commercetools: From software start-up to Isar Valley unicorn
AT&T, Audi, BMW, Bang & Olufsen, Danone, Flaconi, Lieferando – well-known global brands rely on commercetools when designing, implementing and scaling their e-commerce channels. This Munich-based company with locations in Europe, the US, Asia and Australia is a global market leader in the area of cloud-based e-commerce solutions. A USD 140 million funding boost in September 2021 headed by top US investor Accel drove the valuation of the Bavarian grown-up to around USD 1.9 billion. That’s quite a success story.
Most unicorn fairytales don’t begin on the world stage – they start from modest beginnings. This is especially true in “Isar Valley”, as the Munich region is now often called among IT and hi-tech players. It is also true in the case of commercetools: The company’s two founders Dirk Hoerig and Denis Werner got to know each other playing indoor volleyball during their studies in economics and computer science. Both men shared a passion for software. The sports partners became friends, and the friends became business partners. In 2003, alongside their studies, they established an agency in Munich and began to develop modern e-commerce solutions. The two young entrepreneurs successfully completed their first projects and business went well. From 2006, they began to implement their own first e-commerce solutions.
This was definitely needed, as the online landscape continued to change. The needs of businesses and retailers were changing at breakneck speed due to technological progress. Existing solutions were no longer able to meet the challenges of online commerce. The two business partners allowed themselves to “dream bigger” – and to develop a vision: They wanted to take the e-commerce market to a new level using their own novel solutions. To do this, they needed to grow.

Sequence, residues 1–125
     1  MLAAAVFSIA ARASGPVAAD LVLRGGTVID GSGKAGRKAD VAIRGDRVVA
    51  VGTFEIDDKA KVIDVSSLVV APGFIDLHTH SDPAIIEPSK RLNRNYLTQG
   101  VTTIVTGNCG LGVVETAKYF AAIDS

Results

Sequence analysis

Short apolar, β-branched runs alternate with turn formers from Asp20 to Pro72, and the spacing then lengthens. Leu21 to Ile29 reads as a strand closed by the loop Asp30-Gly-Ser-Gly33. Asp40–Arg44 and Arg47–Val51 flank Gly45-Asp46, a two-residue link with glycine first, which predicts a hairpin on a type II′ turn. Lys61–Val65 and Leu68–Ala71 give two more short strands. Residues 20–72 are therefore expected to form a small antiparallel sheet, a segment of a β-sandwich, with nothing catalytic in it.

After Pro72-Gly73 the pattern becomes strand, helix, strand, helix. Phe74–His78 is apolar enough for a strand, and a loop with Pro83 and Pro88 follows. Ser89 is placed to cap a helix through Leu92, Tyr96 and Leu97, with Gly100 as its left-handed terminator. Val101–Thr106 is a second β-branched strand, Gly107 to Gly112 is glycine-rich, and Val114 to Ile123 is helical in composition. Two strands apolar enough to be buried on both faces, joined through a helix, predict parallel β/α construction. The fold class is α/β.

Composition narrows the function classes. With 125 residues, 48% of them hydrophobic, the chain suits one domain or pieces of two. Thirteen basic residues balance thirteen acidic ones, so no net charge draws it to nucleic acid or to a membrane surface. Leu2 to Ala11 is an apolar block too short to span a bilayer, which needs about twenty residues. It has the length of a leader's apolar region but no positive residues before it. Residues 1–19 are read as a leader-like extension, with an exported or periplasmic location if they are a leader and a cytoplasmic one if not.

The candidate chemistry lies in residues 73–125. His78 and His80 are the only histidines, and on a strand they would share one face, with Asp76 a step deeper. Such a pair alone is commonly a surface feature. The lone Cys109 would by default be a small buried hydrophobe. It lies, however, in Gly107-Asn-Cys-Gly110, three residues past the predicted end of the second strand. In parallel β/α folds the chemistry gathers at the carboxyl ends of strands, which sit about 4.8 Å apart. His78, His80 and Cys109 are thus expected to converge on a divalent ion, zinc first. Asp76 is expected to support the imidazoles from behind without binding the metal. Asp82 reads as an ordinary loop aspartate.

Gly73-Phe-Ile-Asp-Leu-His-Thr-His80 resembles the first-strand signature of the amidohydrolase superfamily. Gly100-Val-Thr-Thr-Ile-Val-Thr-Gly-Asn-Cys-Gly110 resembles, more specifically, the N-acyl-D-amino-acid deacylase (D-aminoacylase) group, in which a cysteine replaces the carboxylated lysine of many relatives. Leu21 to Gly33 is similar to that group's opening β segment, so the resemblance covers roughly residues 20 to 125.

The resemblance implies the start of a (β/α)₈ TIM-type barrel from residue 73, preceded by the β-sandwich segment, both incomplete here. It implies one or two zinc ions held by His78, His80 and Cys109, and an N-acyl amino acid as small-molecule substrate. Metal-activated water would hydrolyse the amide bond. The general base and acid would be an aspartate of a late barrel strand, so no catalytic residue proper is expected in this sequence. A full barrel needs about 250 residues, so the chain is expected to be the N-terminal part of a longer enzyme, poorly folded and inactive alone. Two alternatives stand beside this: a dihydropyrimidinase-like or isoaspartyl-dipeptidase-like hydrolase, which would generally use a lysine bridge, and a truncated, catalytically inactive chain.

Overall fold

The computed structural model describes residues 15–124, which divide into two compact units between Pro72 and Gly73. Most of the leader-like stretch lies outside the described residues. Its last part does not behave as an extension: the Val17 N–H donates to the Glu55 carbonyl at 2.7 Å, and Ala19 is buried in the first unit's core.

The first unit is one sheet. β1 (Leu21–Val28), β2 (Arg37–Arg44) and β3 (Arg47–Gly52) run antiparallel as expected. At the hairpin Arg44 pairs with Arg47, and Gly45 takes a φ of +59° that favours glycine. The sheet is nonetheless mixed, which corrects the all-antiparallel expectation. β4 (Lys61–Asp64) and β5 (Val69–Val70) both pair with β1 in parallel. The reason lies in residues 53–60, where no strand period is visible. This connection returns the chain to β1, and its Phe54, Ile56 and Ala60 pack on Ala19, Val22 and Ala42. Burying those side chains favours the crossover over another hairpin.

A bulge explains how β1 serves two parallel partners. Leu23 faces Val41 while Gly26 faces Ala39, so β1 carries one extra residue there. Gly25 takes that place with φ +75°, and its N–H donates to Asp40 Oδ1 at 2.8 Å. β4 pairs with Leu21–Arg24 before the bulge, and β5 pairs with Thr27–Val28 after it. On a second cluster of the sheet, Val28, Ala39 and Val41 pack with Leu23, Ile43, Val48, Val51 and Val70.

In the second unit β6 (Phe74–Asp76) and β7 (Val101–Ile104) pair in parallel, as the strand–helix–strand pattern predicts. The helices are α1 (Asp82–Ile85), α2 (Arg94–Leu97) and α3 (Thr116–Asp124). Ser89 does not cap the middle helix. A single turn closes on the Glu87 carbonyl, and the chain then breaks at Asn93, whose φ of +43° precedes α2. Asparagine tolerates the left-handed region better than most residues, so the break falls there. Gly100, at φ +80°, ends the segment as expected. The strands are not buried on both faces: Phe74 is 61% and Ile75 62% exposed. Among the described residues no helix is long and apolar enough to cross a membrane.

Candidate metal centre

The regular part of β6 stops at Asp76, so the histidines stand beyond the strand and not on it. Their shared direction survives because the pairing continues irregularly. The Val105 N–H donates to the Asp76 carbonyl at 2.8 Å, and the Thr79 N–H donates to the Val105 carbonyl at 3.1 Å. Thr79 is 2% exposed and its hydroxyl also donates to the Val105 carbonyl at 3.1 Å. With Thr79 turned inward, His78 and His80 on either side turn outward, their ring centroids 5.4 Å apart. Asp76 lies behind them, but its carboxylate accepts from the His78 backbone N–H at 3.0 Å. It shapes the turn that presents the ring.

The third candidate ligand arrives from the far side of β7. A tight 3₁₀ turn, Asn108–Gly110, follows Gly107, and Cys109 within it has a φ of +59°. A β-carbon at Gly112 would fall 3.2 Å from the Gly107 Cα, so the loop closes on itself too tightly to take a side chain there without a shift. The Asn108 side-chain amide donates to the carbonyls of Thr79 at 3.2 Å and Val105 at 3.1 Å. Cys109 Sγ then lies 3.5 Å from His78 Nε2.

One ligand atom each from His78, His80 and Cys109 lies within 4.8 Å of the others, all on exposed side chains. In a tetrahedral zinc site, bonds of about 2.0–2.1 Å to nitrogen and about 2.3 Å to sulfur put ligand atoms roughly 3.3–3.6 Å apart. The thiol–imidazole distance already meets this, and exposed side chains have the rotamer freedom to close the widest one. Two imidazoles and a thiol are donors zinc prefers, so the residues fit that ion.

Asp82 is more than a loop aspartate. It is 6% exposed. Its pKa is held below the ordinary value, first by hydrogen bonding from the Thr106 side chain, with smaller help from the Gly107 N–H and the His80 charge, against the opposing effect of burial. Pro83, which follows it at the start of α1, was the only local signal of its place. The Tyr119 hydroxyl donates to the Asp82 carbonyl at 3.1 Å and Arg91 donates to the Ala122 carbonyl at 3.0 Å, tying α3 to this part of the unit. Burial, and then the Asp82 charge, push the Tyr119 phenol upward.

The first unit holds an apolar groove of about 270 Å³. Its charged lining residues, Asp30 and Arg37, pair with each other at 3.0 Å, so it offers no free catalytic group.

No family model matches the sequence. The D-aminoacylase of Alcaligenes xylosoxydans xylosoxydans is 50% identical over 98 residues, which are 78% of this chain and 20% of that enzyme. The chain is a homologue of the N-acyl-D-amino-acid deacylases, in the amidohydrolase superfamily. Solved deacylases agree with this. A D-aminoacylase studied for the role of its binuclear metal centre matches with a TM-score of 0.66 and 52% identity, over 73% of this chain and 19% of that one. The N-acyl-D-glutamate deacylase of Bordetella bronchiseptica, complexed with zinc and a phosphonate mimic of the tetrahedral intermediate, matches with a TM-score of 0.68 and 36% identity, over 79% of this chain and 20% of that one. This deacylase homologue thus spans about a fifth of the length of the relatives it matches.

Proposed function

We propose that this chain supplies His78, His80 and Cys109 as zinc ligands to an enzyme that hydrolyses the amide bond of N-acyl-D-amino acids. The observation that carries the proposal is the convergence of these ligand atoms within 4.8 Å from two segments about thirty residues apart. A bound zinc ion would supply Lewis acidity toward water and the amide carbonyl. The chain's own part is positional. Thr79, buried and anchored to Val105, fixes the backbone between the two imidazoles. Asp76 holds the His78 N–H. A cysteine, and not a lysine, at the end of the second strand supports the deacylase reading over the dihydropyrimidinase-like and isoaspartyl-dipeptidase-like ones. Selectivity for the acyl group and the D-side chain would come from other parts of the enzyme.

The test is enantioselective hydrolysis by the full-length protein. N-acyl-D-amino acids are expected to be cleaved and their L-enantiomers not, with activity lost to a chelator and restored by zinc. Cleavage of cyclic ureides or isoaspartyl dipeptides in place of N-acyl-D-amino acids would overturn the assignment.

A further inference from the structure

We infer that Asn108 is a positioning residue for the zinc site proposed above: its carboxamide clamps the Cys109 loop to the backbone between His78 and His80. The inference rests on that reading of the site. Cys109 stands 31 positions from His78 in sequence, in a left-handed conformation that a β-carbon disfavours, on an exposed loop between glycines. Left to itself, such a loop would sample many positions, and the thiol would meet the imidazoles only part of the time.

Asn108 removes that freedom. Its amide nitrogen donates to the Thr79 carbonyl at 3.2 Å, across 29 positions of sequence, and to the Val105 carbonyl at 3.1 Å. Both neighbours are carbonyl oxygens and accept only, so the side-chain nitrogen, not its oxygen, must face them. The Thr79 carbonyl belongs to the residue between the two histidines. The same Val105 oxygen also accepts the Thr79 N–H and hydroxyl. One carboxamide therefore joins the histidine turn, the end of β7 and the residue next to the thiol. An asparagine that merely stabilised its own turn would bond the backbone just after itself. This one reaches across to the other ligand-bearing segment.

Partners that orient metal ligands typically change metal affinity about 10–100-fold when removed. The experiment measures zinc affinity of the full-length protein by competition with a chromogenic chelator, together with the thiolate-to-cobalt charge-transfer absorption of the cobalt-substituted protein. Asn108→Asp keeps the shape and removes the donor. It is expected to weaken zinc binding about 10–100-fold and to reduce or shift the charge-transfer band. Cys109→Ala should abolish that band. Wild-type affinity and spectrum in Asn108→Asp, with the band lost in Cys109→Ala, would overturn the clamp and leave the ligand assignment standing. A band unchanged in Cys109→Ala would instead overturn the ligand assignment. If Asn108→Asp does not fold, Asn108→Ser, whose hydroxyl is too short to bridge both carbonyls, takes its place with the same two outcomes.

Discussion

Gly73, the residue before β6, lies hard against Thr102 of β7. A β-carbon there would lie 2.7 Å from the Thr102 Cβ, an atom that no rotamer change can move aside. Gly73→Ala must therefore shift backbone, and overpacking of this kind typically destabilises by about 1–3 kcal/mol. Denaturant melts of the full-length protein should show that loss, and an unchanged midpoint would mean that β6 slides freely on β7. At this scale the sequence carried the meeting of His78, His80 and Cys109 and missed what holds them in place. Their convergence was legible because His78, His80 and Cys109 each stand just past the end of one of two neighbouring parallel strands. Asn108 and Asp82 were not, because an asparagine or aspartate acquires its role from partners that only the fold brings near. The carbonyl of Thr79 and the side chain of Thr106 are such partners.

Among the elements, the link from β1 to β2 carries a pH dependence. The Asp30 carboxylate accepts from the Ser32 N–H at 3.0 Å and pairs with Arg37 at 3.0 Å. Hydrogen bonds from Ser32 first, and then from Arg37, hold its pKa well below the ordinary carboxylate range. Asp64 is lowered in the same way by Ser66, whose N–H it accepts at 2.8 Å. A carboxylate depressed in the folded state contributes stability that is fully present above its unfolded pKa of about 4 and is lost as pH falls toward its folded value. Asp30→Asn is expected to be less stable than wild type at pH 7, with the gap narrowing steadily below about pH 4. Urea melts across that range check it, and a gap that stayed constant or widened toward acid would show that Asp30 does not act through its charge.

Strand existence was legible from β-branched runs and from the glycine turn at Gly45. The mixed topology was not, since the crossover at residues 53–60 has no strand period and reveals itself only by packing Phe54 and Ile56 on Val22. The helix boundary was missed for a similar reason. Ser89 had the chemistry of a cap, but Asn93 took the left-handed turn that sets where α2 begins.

2000s: Germany is a venture capital wasteland
Werner and Hoerig need equity and want to get venture capital investors on board –no easy task at the time. The software market is highly competitive and investors are still cautious after the experience of the dotcom bubble at the turn of the millennium. Germany’s venture capital landscape has only just emerged and existing structures lack transparency. Start-up financing in the high-tech sector is still uncharted waters for many domestic investors. With their forward-looking but still early ideas, the founders are brushed off by the few potential VCs.
Following a recommendation from an entrepreneur they know, Werner and Hoerig turn to Bayern Kapital. Since its foundation in 1995, the venture capital company from the Free State of Bavaria has pursued a public mission of closing financing gaps in the high-tech market under the slogan “Public Money – Private Funds”, helping promising innovations and scalable technologies to get up and running and remain on track. Bayern Kapital recognizes the potential of the young company’s first e-commerce solutions. In 2006, Bayern Kapital successfully closes a seed round together with strategic partner High-Tech Gründerfonds and business angel Benedict Rodenstock – just one year before a certain Californian company with its new product “iPhone” turns the online world, and thus online retail, upside down.
The online world goes mobile
As the first smartphones are rolled out, many market players are not yet aware of the impact of mobile disruption. Facebook, Instagram, WhatsApp – before the early 2010s, these information channels were still in their infancy. Few developers foresaw the extent to which these platforms would revolutionize societal structures and the way consumers and end customers find out about products and brands. Hoerig and Werner anticipate that online retail will shift from conventional computers and laptops to mobile devices. The “smartphone generation” forces a revolution in online retail.
Back to the drawing board: technological reboot